Father spoke to him in the following way:
“Do you have eyes”? The man answered “yes father”, father said “good”.
Father than asked him “are your eyes open”, the man replied “yes father”. Father said “good”.
Then father inquired, “how does she look?” The man responded “pretty good”. Father said, “Good, that’s important”.
Than Father said, “now close one of your eyes; there is no point in winning, if you ultimately lose”
Father’s ability to “turn a blind eye” as it were, and to forgive, to recognize that so much of our time is spent worrying about the wrong things was truly remarkable. Perhaps that is why he was always smiling.
The story instantly reminded the man about the advice Father had once given him on marriage, but that he had long forgotten “go out buy your wife a beautiful dress and go dancing”. It is in this way that father continued to speak to his spiritual children through others who also knew and loved him.
The thought entered the man’s mind that a sound argument could be made that the entire tome of marriage counseling books and programs in the known universe could be dispensed with in place of these simple pieces of advice.
A man who had fought alcoholism and drug abuse told of the instruction he had been given by Father, and which apparently was Father’s own habit. His instructions were to take the part of the Prosphoron (orthodox communion bread) which was not used in the preparation of the gifts for the Liturgy, and to consume it along with his morning prayers. Every Sunday after liturgy Father would carefully prepare this portion of the Prosphoronfor the man, who perhaps did not understand fasting, for addiction is the antithesis of fasting. In this way, the man who had predisposed himself to feeding his body complex and harmful chemicals, learned to appreciate the most simple of foods which could be consumed, as a ritual of thanksgiving and remembrance, and in harmony with his Spiritual Father. In this way, and with almost no words, but rather a simple action, father had achieved something that all of the rehabilitation programs combined could not – moving the addict from abstinence to prayer and fasting at once in the same moment.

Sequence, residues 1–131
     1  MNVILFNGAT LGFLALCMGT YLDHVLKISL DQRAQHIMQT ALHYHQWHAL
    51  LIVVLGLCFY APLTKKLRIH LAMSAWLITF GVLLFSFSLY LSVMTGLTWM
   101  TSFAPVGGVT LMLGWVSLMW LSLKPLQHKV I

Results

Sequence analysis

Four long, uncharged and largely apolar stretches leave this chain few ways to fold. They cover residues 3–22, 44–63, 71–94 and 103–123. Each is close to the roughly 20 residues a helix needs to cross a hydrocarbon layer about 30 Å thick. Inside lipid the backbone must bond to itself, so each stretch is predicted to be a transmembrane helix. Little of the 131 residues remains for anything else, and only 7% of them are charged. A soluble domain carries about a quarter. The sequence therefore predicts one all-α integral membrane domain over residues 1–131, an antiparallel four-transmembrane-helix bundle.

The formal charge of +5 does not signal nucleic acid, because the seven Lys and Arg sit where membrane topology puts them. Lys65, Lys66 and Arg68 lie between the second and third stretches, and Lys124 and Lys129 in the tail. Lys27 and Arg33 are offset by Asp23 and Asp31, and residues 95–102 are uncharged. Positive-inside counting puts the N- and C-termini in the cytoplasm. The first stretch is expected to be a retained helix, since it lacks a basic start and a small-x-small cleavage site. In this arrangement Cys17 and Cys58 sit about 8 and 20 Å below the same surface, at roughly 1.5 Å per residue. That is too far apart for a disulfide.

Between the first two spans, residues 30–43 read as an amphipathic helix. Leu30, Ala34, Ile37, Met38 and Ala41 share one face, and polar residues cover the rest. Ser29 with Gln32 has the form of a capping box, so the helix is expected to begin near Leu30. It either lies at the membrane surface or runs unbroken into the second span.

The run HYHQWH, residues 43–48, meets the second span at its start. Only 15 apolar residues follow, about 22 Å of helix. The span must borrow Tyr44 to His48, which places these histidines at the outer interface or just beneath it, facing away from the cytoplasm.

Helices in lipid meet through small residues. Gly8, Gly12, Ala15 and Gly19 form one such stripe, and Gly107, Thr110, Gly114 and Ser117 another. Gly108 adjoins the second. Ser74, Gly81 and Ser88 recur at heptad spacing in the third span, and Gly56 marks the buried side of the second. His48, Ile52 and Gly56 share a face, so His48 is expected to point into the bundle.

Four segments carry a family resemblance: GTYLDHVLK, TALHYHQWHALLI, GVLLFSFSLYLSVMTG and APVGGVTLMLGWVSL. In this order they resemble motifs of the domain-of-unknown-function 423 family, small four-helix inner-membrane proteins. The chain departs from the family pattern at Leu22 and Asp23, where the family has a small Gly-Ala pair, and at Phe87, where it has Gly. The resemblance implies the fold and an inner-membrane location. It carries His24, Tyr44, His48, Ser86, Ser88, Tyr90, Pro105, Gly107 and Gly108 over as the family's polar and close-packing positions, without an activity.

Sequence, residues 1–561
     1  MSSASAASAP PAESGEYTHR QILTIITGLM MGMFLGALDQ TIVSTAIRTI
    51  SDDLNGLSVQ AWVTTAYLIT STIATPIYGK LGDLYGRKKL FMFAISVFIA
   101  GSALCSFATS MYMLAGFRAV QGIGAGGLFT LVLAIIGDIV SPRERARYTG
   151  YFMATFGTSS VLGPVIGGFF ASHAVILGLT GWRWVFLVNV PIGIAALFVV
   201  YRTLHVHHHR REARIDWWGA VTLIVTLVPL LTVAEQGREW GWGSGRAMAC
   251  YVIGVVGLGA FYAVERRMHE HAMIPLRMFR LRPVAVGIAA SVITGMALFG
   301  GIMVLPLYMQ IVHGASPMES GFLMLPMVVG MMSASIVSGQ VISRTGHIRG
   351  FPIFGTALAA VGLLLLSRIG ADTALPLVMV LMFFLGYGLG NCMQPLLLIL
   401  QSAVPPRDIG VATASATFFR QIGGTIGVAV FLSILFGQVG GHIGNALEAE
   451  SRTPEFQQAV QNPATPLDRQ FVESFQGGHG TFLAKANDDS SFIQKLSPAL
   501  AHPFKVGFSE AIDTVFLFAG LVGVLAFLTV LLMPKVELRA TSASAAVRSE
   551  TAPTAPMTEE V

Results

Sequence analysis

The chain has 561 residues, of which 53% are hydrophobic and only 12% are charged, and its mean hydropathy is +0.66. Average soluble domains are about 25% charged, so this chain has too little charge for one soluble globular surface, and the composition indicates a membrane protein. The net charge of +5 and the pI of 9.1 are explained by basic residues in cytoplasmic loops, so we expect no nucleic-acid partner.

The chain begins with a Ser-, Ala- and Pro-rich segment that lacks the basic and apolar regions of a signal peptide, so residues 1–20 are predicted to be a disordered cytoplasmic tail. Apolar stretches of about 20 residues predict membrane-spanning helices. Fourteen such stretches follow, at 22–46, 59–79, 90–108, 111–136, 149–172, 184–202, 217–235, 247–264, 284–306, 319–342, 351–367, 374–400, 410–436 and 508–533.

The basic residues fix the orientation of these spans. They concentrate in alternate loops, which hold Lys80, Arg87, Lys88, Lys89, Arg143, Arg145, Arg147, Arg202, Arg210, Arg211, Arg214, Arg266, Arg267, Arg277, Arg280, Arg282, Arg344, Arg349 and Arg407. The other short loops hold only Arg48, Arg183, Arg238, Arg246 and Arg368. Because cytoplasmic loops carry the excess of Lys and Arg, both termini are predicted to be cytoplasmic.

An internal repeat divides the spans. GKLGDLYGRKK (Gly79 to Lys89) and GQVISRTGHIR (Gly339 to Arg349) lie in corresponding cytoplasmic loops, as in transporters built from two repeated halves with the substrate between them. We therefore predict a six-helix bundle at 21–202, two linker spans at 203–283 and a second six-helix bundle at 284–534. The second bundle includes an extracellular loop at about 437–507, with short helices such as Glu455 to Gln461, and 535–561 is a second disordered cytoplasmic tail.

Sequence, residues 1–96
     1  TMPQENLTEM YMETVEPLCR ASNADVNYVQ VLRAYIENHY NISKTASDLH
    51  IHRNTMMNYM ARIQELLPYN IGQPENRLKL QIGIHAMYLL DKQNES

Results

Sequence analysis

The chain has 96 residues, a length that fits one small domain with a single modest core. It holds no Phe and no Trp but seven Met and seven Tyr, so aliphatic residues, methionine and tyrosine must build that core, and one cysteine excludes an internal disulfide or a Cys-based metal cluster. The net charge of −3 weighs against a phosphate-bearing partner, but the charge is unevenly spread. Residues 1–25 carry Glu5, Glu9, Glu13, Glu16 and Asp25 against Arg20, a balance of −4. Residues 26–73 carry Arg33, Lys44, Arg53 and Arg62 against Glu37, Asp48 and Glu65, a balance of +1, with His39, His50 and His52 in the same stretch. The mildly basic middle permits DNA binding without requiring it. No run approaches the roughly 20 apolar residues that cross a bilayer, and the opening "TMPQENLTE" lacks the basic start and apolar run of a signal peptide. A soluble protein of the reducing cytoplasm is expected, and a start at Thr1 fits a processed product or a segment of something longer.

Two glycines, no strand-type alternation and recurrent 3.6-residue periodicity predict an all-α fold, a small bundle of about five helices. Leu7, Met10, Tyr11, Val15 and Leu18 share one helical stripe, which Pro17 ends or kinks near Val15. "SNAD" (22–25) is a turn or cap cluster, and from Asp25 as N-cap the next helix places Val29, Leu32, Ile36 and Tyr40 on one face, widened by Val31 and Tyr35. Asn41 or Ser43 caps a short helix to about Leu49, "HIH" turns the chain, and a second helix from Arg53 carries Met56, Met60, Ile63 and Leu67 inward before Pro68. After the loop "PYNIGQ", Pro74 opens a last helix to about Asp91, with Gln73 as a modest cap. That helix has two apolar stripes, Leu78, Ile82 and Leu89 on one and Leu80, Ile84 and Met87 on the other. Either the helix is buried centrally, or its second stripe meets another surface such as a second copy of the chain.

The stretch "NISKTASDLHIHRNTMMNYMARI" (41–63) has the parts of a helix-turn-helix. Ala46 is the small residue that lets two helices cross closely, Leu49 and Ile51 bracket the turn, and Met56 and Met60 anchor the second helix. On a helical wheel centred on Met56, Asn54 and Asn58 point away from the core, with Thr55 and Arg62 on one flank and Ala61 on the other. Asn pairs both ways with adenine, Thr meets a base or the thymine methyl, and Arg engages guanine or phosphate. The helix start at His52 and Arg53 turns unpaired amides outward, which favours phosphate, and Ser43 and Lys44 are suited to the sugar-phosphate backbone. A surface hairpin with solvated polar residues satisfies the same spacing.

Does Father Remember?
A man who loved father deeply in his heart lamented that he had not visited him before his passing. For months he planned to visit, but had failed to make the time, and now regretted it profoundly.
Thoughts (perhaps selfish thoughts), ran through his mind with urgency; could father have forgotten him? Did only he care? Was the bond imagined? Was it only exaggerated in his own mind, as memories, even recent memories sometime are? Did Father remember?
During the wake, the man made a spontaneous confession to another who stood in the alter, trying to clarify the importance of Father Emmanuel in his life, seeking any consolation for a sadness which had no clear direction, and came to him in waves. He began to explain to the other that Father Emmanuel had married him and his wife, and had baptized their son, in his attempt to classify the importance of it all. But the words came out as only a simple expression and hardly conveyed the bond he had known. If there were anxiety in his mind already, it suddenly took a turn for the worse, when the other man explained, accurately, that Father Emmanuel had married and baptized half of the people presently in the church. Since there were many in the church at that moment, the man departed bearing a heavier weight than before.